Teenage Mutant Ninja Turtles #1 Review

Comic Book Wednesday

Issue #15

Today is a special day. IDW's Teenage Mutant Ninja Turtles #1 came out today. For those who don't recognize the significance of that, kindly see your way through the door (to HELL).

My childhood was defined by the heroes in half-shells. I was too young for the comic book in the nineties, but from the age of three and on, I completely absorbed anything TMNT I could find. All I watched were VHS tapes of the shows, and collecting the toys was my first true addiction. I remember being thrilled at getting a Casey Jones toy on my fourth birthday, only to have that joy burst into sweet, perfect nirvana when I opened up my next gift... the goddamn Technodrome. Also, I've been told I may have threatening to kill my babysitter's son because he had that tank that shot pizza pies out. Hey, kids will be kids, right?

Now, as you may have guessed from reading this blog, I'm a comic book fiend. Every Wednesday is like a little Christmas for me. I got my first book published through IDW's Angel and have had consistent comic book work ever since, so when I found out that my old childhood friends were linking up with IDW... I can't quite describe how I felt. I don't know if anything will ever match the eagerness with which I awaited issues of IDW's Angel: After the Fall series, but the announcement that they'd acquired the TMNT license and would be publishing a new on-going series made me feel like I had just turned four again and had a shiny new Technodrome awaiting me.

Teenage Mutant Ninja Turtles #1
Story by Kevin Eastman & Tom Waltz
Script by Tom Waltz
Art by Dan Duncan
IDW Publishing

This might be the best comic I've read all summer. It's a lot of set-up, backstory, and action, but it's just so well done. The way it balances the intrigue of how things came to be as they are with the kick-ass action is remarkable. Opening with a fight scene between the turtles and new villain Old Hob (a mutated cat), readers will quickly notice that Raphael is not present. The characters are... well, they're what readers, viewers, and toy collectors grew up on. Splinter, who narrates the battle, is wise, poetic, and a bit sad. Don and Leo get some great action bits, and Michelangelo has a one-liner for every situation. They win the battle (not really a spoiler - I mean, what did you think, they're the friggin' Teenage Mutant Ninja Turtles), but it ends on a sour note when the defeated Old Hob finally addresses what we've all been wondering about. He says, "Just like that other stinkin' freak, you're all gonna disappear and be forgotten forever!"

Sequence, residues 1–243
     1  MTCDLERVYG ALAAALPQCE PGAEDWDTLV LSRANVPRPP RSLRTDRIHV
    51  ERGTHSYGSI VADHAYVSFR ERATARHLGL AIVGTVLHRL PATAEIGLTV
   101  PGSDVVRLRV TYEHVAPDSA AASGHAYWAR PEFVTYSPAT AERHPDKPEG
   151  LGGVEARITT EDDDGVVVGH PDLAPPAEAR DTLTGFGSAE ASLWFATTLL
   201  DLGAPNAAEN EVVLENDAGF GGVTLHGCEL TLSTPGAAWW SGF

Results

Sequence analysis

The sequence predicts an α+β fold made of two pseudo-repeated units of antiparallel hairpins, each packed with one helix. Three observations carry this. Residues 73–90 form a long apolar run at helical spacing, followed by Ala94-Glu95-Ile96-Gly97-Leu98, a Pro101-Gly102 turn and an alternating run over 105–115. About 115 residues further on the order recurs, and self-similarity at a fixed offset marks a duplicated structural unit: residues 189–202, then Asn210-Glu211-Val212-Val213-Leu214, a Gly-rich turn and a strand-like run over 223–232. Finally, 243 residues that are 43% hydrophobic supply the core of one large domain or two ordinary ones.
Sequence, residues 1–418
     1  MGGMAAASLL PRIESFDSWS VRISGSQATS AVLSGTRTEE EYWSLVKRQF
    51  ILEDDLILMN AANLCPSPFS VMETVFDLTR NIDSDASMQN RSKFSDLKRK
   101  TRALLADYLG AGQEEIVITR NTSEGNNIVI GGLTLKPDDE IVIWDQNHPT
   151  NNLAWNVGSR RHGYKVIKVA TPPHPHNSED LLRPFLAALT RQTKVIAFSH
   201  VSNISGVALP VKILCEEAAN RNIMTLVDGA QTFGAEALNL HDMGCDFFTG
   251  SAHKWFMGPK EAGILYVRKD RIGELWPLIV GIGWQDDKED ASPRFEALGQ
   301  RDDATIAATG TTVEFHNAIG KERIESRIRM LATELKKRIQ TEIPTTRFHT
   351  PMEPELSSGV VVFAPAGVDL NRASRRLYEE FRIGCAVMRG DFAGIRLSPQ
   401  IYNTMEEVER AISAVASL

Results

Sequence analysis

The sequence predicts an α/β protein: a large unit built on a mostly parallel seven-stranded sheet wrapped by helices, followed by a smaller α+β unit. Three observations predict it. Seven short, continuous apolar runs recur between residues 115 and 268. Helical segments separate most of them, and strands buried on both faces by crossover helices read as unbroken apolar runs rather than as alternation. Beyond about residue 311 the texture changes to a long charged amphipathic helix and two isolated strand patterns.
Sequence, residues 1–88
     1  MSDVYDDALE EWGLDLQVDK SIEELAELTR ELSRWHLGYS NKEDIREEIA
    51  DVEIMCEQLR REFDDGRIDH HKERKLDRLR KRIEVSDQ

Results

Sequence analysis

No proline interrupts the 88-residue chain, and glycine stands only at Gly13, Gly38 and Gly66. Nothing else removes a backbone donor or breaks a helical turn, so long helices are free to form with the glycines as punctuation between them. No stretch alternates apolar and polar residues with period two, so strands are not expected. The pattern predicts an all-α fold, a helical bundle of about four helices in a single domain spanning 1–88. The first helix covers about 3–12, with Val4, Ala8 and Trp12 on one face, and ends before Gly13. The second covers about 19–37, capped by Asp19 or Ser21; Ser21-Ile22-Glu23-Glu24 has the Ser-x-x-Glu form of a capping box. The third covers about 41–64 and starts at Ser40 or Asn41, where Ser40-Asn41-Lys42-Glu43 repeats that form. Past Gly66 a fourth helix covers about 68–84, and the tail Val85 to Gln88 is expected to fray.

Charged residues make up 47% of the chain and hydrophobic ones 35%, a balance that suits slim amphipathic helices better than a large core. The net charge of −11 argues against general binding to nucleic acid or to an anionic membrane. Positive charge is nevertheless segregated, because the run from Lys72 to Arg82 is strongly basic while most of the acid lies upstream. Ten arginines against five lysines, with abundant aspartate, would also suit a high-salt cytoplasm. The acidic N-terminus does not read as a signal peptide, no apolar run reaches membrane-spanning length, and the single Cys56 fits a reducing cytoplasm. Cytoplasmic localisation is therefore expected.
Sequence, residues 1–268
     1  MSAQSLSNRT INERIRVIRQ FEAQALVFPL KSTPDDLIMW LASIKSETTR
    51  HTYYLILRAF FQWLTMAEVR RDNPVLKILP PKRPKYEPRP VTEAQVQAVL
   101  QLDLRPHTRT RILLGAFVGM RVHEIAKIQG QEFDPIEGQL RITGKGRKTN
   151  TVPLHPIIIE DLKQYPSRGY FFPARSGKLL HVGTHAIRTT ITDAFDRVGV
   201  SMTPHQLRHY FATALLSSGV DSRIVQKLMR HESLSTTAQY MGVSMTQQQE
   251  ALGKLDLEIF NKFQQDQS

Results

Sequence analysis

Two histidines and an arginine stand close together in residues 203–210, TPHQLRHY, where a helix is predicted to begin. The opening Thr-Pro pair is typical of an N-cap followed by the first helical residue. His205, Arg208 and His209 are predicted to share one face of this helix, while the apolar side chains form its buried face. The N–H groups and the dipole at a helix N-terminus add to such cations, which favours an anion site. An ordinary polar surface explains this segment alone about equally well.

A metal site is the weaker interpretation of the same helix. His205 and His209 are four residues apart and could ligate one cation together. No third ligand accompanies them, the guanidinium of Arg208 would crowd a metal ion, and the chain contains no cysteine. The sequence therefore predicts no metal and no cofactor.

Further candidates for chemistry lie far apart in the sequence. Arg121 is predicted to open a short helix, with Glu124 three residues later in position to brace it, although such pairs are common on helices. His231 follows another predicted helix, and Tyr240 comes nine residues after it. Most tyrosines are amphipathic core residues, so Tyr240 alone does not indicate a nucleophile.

We then see Raphael, wondering the dark streets, alone and homeless. The rest of the comic switches back from that scene to a flashback of scientists Chet, April O'Neil, and Baxter Stockman in a lab. April doesn't seem to quite know what's really going on, but it's clear that the experiments will lead the then lab animals (four turtles and a rat) to transform into our cast. I'm interested to see how these new interpretations of the characters will grow into the iconic roles.

One of the main draws for me is the rediscovery of characters that I was once obsessed with. The sly name dropping of Chet (the original owner of the turtles, back when their origin was very different), April O'Neil, Baxter, and Casey might not register with new readers as more than the introduction of new characters, but they were epic moments for me. The best, though? The estranged Raphael, while looking for food in a garbage can, pulls out a shirt with COWABUNGA! written on it, saying "Oh, now that's just wrong." These moments really made the issue for me, but I do believe that it's strong enough as a standalone book to make readers hungry for the second installment.

So yeah. I'm hooked again, just like that. The book, which find a nice balance between comedy, drama, and action, sets a new and interesting status quo for a classic series. If there's one new comic that you'll pick up this summer, let it be Teenage Mutant Ninja Turtles #1.